Photo courtesy of Laughing Squid
Just today, blogerati Robert Scoble got booted off Facebook. He was was privately testing Plaxo’s Data Importer on Facebook, as new feature of Plaxo Pulse (to sync contacts from web services). Since Facebook doesn’t provide APIs to allow developers to grab their own data off the network (e.g. your contacts), that’s where the dirtier means of scraping comes in.
Web scraping generically describes any of various means to extract content from a website over HTTP for the purpose of transforming that content into another format suitable for use in another context. You could do it by hand (like copy and pasting text), but it’ll hurt if there are lots of pages. In most cases, you could use a script or a program to do it for you, but that’s quite detectable by most systems since it would result in high traffic coming from an IP address.
It’s rather coincidental since Wired’s latest issue has a great feature entitled “Should Web Giants Let Startups Use the Information They Have About You?“. Rather timely to note how this might be an issue as earlier traditional web service business models collide with Web 2.0 philosophy.
Unfortunately, Facebook isn’t exactly being open with their business. They’re pretty much an old-school business run by persistent and lucky teenagers (remember Facebook’s fumble with Beacon and NewsFeed?).
Desperately hoarding onto your own personal data and telling you how you are allowed to use it is so communist, it’s not even funny (see my “Walled Garden” story).
Perhaps this is why Scott Gilbertson of Wired spoke so eloquently on the issue:
[I]n the Facebook world, your data is welcome to come in, but there’s no going out. It turns out Facebook is a bit like the Hotel California: “we are programmed to receive / You can check-out any time you like / But you can never leave!”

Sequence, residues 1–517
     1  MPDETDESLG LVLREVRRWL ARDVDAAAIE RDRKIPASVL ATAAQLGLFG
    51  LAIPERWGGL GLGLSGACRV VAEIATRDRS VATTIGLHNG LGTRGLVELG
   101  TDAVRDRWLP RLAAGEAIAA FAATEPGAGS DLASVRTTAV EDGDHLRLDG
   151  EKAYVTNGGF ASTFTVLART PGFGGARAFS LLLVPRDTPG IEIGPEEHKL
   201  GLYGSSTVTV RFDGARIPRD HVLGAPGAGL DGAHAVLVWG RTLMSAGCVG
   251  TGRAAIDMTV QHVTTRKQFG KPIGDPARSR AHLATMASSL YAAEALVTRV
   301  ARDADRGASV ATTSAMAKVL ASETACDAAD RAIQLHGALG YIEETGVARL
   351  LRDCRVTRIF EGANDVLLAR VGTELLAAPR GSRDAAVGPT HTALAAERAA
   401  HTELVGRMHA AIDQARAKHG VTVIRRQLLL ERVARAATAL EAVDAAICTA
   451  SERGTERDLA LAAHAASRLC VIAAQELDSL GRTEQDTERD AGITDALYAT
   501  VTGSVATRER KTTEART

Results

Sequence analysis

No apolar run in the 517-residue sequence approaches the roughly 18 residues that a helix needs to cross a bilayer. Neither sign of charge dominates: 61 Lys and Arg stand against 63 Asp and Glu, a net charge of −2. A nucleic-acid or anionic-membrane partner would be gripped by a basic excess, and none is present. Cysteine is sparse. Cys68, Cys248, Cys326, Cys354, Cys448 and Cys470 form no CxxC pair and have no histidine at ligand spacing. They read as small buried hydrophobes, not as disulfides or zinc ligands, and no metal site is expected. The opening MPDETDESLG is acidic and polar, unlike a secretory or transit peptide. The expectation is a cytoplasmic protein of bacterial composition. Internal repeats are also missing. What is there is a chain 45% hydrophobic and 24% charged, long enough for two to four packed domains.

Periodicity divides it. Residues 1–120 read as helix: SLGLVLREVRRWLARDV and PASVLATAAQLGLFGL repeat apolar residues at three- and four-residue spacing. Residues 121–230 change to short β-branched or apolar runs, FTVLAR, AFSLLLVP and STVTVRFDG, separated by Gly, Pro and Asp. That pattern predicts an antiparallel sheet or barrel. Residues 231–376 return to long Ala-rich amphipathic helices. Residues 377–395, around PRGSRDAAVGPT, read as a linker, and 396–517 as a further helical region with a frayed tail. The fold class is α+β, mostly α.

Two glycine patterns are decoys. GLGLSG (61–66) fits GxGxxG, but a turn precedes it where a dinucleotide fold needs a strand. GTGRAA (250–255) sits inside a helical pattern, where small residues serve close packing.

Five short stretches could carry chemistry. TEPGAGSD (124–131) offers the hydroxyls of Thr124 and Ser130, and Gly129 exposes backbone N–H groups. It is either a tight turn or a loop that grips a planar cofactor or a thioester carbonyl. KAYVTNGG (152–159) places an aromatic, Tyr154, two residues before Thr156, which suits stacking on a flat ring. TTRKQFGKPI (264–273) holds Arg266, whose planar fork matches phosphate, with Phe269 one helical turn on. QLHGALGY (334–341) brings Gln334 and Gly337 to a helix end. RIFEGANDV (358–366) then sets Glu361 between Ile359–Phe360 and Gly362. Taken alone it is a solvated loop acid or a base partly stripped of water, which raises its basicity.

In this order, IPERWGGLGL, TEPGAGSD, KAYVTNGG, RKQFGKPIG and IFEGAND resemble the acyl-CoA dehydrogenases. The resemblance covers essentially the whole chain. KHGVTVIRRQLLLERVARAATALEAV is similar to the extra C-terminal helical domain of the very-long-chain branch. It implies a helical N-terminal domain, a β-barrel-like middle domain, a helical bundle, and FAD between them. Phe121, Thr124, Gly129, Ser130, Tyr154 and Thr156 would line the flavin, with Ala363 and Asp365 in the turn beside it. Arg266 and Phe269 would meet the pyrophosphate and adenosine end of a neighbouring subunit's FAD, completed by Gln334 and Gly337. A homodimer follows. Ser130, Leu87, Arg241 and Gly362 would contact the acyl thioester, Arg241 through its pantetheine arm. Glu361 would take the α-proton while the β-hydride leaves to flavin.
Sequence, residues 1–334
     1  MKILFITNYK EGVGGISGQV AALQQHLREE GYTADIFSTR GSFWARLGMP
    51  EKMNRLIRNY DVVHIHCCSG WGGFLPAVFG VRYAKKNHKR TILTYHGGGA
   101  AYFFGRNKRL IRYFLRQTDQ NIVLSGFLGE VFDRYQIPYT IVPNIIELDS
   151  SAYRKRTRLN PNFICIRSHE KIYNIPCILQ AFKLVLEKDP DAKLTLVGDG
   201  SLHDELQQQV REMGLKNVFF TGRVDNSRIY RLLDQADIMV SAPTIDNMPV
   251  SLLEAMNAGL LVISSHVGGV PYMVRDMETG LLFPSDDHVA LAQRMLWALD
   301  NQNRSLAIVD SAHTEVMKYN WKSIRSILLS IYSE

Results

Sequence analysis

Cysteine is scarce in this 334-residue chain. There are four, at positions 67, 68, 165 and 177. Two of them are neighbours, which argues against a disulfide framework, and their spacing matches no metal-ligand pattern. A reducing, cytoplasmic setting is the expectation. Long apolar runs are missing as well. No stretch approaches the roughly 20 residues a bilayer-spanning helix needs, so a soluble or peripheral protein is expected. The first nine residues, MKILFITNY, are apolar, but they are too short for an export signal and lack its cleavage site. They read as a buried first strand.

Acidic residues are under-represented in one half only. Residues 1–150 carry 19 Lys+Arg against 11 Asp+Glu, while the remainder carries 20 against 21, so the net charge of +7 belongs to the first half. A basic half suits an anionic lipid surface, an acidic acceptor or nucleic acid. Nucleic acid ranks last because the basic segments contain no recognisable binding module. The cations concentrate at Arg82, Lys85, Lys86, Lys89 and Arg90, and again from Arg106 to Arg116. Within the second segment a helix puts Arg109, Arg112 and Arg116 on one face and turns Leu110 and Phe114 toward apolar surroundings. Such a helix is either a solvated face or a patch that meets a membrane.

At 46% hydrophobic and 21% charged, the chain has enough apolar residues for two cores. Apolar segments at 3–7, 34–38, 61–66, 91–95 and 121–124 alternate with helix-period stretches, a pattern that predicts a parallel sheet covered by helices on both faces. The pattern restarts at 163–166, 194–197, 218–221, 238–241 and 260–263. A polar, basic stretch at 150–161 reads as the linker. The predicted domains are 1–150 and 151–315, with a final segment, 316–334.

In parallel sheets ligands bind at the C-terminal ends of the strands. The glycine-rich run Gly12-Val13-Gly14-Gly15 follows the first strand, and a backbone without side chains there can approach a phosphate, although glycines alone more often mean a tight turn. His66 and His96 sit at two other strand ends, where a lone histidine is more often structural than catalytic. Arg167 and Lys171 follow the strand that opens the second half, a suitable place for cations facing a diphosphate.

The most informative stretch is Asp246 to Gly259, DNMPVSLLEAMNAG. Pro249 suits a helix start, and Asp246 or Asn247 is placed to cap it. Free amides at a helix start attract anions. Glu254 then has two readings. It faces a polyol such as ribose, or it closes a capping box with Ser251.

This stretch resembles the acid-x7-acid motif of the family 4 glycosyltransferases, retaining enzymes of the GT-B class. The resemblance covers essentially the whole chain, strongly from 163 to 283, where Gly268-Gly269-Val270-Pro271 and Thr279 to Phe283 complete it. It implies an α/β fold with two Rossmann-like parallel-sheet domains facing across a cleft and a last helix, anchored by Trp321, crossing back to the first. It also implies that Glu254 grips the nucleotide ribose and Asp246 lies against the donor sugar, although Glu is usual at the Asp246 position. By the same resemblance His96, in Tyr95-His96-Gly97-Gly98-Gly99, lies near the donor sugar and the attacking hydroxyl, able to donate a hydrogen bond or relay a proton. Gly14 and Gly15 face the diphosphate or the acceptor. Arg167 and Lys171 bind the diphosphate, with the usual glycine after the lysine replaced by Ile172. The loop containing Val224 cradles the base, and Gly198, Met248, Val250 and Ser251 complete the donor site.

Just a word of caution NOT to produce solely on Facebook, but publish widely beyond its walls.
Question: So why are we still hooked on Facebook?
My take: It focuses extremely well on friends and their activities. Unlike typical forums and social networks, Facebook does have a neat balance of personality (internal self) and shared content (external self). It’s a fully identified Internet within an Internet where the norm seems to be of sharing accurate information about oneself, thereby allowing others to find you. For instance, just look at the number of people who disclose actual birthdays… I don’t think that was ever a norm in the past! In turn, Facebook results in having precise demographic data about everyone, perfect for advertisers (try putting up a Facebook ad to see the array of targeting options!). As much as we might hate the Facebook government, the traction we’ve built for ourselves with it (i.e. no. of friends) makes it harder to leave.
Summary: For all it’s insidious worth, Facebook pretty much got this game locked down tight. Heck, the user population growth won’t likely plateau out since there’s always something new; Facebook largely depends on user-generated content (e.g. your posts, photos, videos, apps). Unless Facebook pisses more users off, I don’t think anyone would be the wiser to leave. I guess they’d only open up if it’s their last resort.
Call to Action: If you’re like me, feeling up in arms, perhaps you could consider joining the Data Portability initiative at dataportability.org. They’re about making all forms of personal data discoverable, and shared between our chosen tools or vendors. Yes, we need a DHCP for Identity. ;)
Aside: I’m a huge fan of Plaxo’s contact syncing service, since it helps me keep contacts in my Mac’s address book (and thus iPhone), Gmail, LinkedIn, Yahoo, and many more all in sync. If it detects that any of my contacts is also a Plaxo user (matched via email address), anytime that user makes a change to his contact info, I get the data synced up automatically. It’s clever, and it’s what being Web 2.0 is so all about… transparency between web services. This is the kind of open network I wish to have.